4. Breast feeding is great, but bottle feeding could save your bacon
Your partner will be under a lot of pressure to breastfeed. Breastfeeding is good. But not everyone can do it.
If she has to switch from breast to bottle, be her cheerleader, her rock of support and help her fend off any snarky comments she receives from other women who feel the need to be judgemental.
That’s the most I’ve ever written the word “breast” in one paragraph.
5. Tell the truth
It’s so, so easy to lie to your child. They are really dumb. OK, that’s harsh. But seriously, they don’t know shit. It’s just better not to be dishonest, though.
Telling them cheeky white lies all the time will temporarily get you out of annoying conversations, but it’s setting patterns for their entire childhood that are pretty unhealthy.
Eventually they will tweak that you aren’t always being honest, and not only will they start to doubt everything you say, they will learn to be dishonest right back at ya.
So instead of fibbing and saying “there’s no more yoghurt left”, tell the truth and say “I don’t want you to have any more because it’s dinner time soon”. And let the screams wash over you.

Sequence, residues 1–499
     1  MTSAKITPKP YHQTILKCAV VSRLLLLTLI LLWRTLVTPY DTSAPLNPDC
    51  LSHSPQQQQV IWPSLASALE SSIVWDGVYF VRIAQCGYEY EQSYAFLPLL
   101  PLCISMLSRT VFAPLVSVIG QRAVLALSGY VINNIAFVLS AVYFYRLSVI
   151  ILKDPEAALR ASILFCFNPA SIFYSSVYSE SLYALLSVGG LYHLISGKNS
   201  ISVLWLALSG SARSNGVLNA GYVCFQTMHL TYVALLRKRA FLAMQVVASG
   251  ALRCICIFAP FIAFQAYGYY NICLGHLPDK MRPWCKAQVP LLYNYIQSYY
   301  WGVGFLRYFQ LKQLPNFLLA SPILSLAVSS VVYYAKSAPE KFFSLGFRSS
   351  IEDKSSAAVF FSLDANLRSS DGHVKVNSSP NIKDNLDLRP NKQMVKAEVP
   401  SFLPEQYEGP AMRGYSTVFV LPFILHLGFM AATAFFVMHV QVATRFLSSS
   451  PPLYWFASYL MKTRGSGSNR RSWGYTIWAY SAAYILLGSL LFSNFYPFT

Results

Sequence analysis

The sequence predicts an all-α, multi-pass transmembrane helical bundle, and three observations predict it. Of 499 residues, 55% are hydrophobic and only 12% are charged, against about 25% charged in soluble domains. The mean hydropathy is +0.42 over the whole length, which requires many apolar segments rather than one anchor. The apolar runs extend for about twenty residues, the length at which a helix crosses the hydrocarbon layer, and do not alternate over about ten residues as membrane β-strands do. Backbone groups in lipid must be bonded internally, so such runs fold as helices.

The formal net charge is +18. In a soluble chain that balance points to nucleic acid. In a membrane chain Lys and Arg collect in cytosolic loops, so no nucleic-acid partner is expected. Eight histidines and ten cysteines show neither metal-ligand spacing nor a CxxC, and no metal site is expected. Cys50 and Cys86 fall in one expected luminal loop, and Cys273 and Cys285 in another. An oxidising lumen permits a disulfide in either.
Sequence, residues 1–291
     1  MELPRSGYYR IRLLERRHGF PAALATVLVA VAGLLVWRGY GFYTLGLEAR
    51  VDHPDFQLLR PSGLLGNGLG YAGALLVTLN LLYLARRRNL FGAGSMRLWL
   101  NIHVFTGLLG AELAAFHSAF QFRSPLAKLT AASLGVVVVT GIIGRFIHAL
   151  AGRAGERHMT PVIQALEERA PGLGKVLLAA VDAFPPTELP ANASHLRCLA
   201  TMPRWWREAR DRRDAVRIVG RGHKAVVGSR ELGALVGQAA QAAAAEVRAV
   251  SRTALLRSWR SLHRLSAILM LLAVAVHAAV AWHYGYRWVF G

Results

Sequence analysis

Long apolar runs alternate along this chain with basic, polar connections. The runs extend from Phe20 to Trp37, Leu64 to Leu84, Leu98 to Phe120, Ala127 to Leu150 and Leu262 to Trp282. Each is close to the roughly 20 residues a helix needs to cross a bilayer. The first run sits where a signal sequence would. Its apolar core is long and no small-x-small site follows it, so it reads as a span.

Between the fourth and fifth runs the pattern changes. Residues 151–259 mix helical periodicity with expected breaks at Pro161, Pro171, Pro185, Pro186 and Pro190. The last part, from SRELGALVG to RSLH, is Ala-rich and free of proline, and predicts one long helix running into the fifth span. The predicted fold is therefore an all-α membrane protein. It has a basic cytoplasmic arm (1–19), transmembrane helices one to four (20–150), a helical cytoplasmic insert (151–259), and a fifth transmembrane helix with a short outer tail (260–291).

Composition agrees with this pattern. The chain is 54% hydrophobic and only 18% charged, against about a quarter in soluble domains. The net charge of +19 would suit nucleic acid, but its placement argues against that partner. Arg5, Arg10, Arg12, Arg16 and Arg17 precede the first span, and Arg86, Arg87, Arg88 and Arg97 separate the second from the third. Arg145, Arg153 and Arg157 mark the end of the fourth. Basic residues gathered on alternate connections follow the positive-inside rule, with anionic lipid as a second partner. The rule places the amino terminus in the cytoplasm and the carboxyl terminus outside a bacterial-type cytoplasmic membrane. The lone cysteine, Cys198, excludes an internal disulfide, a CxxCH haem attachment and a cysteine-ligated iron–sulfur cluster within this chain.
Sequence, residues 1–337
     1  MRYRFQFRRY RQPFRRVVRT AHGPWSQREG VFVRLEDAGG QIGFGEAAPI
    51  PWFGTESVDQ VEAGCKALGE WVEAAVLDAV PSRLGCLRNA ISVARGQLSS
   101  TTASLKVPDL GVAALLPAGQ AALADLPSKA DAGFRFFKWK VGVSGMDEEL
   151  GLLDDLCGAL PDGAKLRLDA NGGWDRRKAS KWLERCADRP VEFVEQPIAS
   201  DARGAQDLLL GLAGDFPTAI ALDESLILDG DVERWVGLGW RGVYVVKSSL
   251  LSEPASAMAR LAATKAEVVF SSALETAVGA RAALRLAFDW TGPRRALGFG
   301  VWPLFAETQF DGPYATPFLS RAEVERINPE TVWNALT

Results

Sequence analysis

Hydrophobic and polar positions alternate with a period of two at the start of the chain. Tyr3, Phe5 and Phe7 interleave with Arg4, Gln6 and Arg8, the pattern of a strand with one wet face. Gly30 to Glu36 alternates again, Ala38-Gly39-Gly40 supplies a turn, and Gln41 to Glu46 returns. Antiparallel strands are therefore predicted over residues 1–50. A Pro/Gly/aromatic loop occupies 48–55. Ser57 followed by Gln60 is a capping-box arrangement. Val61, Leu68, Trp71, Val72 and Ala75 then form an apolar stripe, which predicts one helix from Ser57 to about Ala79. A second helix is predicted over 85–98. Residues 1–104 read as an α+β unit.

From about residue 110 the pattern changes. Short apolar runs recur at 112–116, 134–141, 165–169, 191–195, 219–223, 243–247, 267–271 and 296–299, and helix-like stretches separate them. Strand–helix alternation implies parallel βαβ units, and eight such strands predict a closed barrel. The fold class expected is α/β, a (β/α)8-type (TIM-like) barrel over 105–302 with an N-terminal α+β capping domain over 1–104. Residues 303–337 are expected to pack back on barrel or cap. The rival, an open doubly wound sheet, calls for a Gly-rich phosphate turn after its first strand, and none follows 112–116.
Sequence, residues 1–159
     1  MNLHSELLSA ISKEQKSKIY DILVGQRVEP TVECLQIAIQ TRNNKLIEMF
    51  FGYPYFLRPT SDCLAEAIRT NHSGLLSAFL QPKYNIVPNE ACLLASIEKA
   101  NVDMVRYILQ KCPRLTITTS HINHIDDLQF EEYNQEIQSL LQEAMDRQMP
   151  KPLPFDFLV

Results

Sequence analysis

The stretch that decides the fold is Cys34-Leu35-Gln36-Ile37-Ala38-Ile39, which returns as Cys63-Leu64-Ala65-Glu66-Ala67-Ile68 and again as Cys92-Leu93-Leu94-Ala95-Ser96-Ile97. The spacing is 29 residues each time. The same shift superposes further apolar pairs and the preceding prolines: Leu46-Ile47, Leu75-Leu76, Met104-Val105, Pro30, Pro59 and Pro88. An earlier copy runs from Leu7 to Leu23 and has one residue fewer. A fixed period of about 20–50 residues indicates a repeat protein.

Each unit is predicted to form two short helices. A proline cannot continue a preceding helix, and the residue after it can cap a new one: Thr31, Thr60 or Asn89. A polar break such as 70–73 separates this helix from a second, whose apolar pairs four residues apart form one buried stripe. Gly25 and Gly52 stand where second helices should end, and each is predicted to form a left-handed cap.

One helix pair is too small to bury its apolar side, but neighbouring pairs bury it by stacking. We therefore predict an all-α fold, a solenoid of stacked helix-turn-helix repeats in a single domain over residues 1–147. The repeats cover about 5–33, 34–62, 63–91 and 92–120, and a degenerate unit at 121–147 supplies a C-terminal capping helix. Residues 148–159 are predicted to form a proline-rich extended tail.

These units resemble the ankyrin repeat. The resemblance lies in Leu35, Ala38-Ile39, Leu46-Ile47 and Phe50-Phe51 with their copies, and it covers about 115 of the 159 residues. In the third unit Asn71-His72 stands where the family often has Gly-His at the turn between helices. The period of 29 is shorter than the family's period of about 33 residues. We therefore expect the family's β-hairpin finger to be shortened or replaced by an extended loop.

6. Give yourself time off, but make sure your partner gets time off too
This is the hardest thing my wife and I have had to grapple with around having a baby.
It can become almost impossible to have time to yourself – to play golf, to go out for a few drinks, to get to a footy game – without making your partner’s life difficult.
Say you’ve been at work all day and want to stop off for a few beers before coming home. That sounds very reasonable to you, but to her that means an extra couple of hours looking after the kid solo.
Whether she has been at work herself or taking care of the little one all day, those two extra hours on the coal face are a huge ask.
The thing is, we all need that time to ourselves to stay, you know, sane. So have a chat about it and come up with a workaround.
You deserve some relaxing time, but so does she. And in order for that to happen you are both going to have to put your hand up for solo sessions with the kid.
It might feel like a massive burden to spend your Saturday morning on child duty while she goes out for breakfast, but if you want time off too, you’ve gotta do the hard yards.